Agrarian reforms and economic innovations

The agrarian reforms were facilitated by political and social developments across Europe, primarily the agrarian reforms in Prussia and the liberation of Prussian peasants from serfdom in 1807. The landlords were forced to accept the reforms partly because of the general deterioration of the economy: one stage of agricultural development ended at the turn of the century, and in the 1820s, a pan-European agrarian crisis reached Estonia. The prices of agricultural produce plummeted, which in turn brought about a chronic shortage of money and growing debts for the landlords. The Baltic German landlords were also encouraged to carry out reforms by the Russian central authorities. Since the absolutist central power was primarily interested in the normal functioning of the state as a whole, it was to a certain extent the natural ally of the peasants against social privilege.

Through her governor general George Browne (1698–1792), Catherine II had made the first attempt to regulate the relations between Livonian landlords and peasants, but the impact of the 1765 agrarian laws remained modest. Alexander I, who ascended the throne in 1801, enthusiastically supported the reform-minded wing of the Baltic German nobility. For him, the Baltic provinces constituted an example for reform throughout Russia. The 1802 Estonian and 1804 Livonian agrarian laws in effect replaced serfdom with villeinage. The law fixed the peasants’ taxes, permitted them to possess movable property, prohibited unjustified eviction, and established parish courts to settle matters of dispute between the peasants. All these innovations were intended to diminish arbitrary actions by the landlords. But innovations which required time-consuming and expensive land surveys and setting of rates in fact never materialised.

The next stage of agrarian reform, the liberation of peasants from serfdom (1816 in Estonia and in 1819 in Livonia) took place on the initiative of the upper class and the state. It basically meant compensating the manor owners with land in return for abandoning their right to own the peasants. In the spirit of Adam Smith’s classical economic liberalism, the corporations of knights decided to free the peasants from serfdom and adopt the principles of ‘free’ contracts. These contracts failed to provide peasants with sufficient rights, and in a way even represented a step back from earlier laws on the peasantry. But the positive side to the abolition of serfdom can hardly be underestimated. Amongst other things, peasants finally gained surnames. With gradually increasing freedom of movement, country people’s social mobility and stratification increased as well. The communities created by the reforms remained under the supervision of the landlords, but allowed the peasants partial local government; carefully-devised school regulations founded the system of compulsory primary education.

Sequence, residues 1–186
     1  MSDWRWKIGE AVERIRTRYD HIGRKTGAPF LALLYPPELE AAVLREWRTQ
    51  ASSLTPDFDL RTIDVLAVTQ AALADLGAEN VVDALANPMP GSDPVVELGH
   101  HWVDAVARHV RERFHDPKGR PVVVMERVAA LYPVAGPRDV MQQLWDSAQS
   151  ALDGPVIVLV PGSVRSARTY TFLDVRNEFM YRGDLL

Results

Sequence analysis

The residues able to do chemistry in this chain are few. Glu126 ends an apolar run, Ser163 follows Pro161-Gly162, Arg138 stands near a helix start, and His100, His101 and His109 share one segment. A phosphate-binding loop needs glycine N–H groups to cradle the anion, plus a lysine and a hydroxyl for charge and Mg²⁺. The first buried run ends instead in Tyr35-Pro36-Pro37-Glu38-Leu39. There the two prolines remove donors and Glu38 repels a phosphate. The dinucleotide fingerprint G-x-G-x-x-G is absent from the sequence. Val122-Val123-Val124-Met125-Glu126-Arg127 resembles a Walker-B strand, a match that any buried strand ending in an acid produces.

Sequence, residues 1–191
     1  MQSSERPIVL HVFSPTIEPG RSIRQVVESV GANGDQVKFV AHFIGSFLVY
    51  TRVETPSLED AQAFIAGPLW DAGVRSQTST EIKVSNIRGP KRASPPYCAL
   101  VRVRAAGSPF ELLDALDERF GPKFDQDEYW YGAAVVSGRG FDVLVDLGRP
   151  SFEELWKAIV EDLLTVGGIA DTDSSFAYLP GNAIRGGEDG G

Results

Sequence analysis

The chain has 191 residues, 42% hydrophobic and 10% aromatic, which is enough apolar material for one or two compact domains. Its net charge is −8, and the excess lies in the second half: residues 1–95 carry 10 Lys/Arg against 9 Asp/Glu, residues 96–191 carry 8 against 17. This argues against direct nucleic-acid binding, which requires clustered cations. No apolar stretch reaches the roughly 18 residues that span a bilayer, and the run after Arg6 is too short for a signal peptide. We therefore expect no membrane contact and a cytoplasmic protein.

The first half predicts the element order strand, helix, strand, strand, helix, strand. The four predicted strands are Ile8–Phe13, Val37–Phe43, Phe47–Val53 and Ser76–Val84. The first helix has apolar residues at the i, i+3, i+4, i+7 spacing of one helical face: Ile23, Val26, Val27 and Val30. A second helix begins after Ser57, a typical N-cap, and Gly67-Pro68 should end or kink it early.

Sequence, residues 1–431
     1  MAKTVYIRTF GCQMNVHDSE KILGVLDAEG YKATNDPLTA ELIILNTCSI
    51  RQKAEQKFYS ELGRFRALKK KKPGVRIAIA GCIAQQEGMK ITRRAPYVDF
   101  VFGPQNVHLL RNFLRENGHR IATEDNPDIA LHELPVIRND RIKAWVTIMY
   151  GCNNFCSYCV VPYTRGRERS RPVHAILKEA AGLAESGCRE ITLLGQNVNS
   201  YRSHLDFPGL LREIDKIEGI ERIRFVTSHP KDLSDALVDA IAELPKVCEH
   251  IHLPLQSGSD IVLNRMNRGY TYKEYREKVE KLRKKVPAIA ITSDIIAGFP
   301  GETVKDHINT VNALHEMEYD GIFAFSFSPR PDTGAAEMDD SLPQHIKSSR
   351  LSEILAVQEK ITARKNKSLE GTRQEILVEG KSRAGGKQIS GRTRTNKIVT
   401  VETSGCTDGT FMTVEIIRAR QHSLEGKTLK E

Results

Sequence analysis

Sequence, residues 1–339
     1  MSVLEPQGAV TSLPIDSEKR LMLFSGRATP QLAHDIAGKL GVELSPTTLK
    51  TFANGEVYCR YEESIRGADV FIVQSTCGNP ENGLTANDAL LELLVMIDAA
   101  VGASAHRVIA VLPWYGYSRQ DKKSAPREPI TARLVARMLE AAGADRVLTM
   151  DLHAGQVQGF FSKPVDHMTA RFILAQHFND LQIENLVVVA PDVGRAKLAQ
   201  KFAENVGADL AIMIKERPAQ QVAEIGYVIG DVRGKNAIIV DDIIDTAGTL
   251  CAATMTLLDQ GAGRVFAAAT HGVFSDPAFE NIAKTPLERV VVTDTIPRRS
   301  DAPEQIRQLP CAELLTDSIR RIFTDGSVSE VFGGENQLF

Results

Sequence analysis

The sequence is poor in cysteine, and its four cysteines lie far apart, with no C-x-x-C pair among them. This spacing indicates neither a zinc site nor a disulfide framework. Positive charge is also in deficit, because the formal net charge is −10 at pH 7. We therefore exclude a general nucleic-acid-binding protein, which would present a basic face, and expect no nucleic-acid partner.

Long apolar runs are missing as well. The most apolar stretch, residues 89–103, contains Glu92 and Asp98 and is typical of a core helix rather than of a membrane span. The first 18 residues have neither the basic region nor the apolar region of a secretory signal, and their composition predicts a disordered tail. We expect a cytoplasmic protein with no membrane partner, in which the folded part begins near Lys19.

Although school attendance was irregular and many children were still taught at home, by the mid-19th century the whole school system became far more stable than before (especially in South Estonia and Saaremaa). Writing and arithmetic increasingly found their way even to rural schools.

Estonia remained a predominantly agrarian country until the second half of the 19th century. During the 18th century, the development of local industry reached no further than the pre-industrialist stage, characterised by the establishment of manufactures (Räpina paper mill, glassworks near Põltsamaa, faience manufacture in Tallinn etc.). Over the second quarter of the 19th century, manufacture was being replaced by machine-based factory production. At that time, various notable enterprises were founded in Estonia, among them in 1857 Narva’s Kreenholm Textile Mills, the biggest works in all Russia.

During the decade following the abolition of serfdom, the crisis continued in the manorial economy. A free peasant was still not interested in increasing the productivity of the fields while his rent contract remained short-term. And besides, when a farmstead showed the slightest signs of prosperity, the landlords immediately tried to increase the corvée. Some more progressive landlords attempted to carry out innovations on their lands. The most significant result was the spread of potato, flax and clover cultivation. In local Baltic German society, the mood of crisis was hardly detectable: in these years, so difficult for the peasants, an almost Biedermeieresque ‘Livonian idyll’ prevailed in the Baltic provinces. The ultra-conservative regime of Nicholas I (1825–1855) permitted no critical dispute of any kind.

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